Being the Definitive Collection of Works by Allison Holt


(Much like the author)

The Anxiety Of Influence

Posted in on June 20, 2006

For too many years, I wanted to be Jim Lee.

I fell passionately in love with Lee’s amazingly detailed and dynamic artwork and design sense while he was the artist on Uncanny X-Men in the late 80’s and early 90’s, right before he and five other über-popular artists left Marvel to found Image Comics. I’d been drawing comics-style artwork for most of my life, but Lee quickly became my number-one influence [1]: I used Lee’s artwork as reference material, as inspiration — and ultimately as the yardstick I measured my own work against.

Batman by Jim Lee - © DC ComicsAnd I’m wondering just how much damage I might have done to my artistic sensibilities over the last fifteen years by doing so.

Somewhere over the years I lost much of my desire to draw, and I think that a lot of that was because I was unfairly judging the quality of my work against unrealistic standards. My expectations for myself were so high that I couldn’t possibly achieve them — if I couldn’t draw something that was somewhere at least approaching the the ballpark of Jim Lee quality, then the drawing was shit.

Thing is, there’s only a handful of artists out there that I think are in that ballpark, so expecting myself to be able to pull that off and berating my skills when I couldn’t… well, that wasn’t being very generous to myself. I think I judged myself so harshly that I found myself not wanting to draw at all. It’s not fair, of course — I’m not Jim Lee, and I never will be.

But when I say “I’m not Jim Lee,” I mean more than just that he’s a better artist than I am, though I think that fact goes without saying (not knocking myself there, just being honest). I also mean that my natural art style, the style that tends to come through when I’m not forcing a particular look on it, doesn’t resemeble his work at all — my “voice” differs from his considerably. I tend toward more open shapes, toward thicker and more angular lines, toward less rendering and cross-hatching. For years, though, I defined “professional” in my head as “Jim Lee-like” and tried to make my stuff look more like his. It’s like I was trying on a series of suits, each of which might have looked fantastic on someone else but none of which were flattering on me — but if I just kept trying them, dammit, I’d find one that fit perfectly.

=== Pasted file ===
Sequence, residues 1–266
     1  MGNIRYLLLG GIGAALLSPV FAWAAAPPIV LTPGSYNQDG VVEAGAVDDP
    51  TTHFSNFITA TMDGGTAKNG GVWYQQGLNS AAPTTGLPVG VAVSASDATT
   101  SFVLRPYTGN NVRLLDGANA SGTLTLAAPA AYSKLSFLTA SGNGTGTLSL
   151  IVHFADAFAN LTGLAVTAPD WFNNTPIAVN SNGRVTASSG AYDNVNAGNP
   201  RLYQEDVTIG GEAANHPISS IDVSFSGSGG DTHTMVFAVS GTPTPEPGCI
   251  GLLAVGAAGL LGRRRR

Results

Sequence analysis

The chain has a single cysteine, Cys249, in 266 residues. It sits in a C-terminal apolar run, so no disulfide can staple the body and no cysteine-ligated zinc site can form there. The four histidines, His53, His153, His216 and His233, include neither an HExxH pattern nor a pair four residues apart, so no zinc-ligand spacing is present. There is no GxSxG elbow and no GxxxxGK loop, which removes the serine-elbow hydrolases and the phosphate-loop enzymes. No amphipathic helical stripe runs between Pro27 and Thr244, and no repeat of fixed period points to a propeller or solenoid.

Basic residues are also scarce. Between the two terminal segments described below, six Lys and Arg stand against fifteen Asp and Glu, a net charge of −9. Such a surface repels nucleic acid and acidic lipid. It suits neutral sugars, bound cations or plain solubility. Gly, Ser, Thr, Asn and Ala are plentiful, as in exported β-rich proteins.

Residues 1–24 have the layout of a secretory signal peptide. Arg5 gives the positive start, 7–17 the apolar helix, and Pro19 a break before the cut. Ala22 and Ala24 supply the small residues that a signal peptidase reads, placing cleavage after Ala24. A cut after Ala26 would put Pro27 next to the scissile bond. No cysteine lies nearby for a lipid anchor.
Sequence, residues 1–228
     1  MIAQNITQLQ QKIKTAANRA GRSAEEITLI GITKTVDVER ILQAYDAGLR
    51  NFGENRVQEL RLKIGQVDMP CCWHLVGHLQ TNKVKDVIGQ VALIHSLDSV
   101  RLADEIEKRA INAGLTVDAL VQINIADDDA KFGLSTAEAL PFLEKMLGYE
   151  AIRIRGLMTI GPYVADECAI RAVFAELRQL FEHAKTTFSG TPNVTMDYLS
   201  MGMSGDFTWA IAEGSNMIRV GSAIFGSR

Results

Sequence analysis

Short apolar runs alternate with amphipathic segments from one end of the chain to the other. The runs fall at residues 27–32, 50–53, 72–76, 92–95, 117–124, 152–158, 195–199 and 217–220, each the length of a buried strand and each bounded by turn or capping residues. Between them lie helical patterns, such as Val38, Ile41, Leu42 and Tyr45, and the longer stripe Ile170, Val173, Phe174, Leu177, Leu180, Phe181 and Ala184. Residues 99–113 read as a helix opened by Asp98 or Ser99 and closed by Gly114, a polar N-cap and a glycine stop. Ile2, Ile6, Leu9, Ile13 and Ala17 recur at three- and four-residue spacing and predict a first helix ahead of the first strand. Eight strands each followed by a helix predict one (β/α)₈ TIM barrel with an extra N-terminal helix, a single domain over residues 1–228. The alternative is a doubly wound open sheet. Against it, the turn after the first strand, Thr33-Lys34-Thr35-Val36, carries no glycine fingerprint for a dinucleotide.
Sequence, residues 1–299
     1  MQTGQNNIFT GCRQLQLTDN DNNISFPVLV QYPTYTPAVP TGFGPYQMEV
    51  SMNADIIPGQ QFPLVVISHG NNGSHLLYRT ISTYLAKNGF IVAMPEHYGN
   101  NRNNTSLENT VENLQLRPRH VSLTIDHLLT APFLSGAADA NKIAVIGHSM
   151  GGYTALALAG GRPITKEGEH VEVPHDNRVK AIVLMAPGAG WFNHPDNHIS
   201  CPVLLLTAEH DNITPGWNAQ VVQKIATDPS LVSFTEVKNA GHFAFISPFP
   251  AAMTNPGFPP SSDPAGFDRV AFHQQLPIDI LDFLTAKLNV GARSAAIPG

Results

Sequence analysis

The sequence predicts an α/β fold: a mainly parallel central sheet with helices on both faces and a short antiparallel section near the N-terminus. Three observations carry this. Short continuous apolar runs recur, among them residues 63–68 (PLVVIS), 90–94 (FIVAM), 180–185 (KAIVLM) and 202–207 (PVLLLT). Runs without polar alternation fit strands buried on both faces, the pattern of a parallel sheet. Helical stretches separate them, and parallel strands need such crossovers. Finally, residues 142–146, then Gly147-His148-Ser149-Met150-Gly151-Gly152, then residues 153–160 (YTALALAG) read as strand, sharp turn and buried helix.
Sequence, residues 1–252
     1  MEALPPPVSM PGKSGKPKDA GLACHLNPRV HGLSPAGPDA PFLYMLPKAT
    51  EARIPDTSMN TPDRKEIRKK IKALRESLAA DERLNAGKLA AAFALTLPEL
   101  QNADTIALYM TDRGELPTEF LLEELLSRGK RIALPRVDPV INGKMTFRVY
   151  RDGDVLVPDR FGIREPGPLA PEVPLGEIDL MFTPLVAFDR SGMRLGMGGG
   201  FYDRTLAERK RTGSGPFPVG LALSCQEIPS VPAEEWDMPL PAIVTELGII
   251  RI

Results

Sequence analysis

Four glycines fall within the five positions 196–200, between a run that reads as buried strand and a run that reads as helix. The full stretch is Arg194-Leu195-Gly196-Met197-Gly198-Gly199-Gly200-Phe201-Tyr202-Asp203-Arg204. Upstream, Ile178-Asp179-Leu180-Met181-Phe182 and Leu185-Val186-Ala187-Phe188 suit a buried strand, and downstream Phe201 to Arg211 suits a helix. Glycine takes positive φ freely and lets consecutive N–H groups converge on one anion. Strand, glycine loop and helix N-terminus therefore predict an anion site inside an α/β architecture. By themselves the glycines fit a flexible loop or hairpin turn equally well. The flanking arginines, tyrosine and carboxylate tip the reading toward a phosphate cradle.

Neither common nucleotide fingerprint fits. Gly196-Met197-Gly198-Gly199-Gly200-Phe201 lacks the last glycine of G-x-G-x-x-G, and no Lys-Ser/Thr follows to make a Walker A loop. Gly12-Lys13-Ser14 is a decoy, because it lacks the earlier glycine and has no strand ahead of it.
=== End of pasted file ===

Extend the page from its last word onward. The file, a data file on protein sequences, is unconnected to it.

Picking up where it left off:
Problem is, I never found that perfect suit and quit looking altogether.

Now, though, I want to get back into drawing again. I miss it. Not drawing has never felt right, but every time I’ve tried getting back into it, I’ve run face-first into that same wall of anxiety over and over again — I feel like I’ve gotten to the point where I don’t know how to draw in any style other than this one that doesn’t feel natural to me, and I hate it.

But no more. I’m reclaiming my “visual voice,” I’m no longer looking to Jim Lee as an influence, or at least not as a major one. I’m rejecting that overly-rendered style as Just Not Me; there are plenty of artists I can learn from and gain inspiration from whose work more closely mirrors my natural style. I want to try to separate myself from the frustration and self-flagellation of the last ten years and try something all-new, all-different. I want to enjoy drawing again, both the process and the results.

I don’t need to be Jim Lee. What I need to be is the best me I can be. ______________ [1] Funny thing: Even as I took him on as my primary influence, it seemed obvious to me that we were both influenced by the same artists when we were starting out (mainly George Perez, John Byrne and Arthur Adams). He just has way, way, way more talent than I do and was able to synthesize those influences into something new and exciting while I… didn’t.

Allison Holt spends her days wrestling with code and her nights wrestling with her amazing wife, three fantastic children and her big goofy rescue dog. You can find her at any of the social media links below, or you can email her at

All wrestling referred to in the previous paragraph is metaphorical.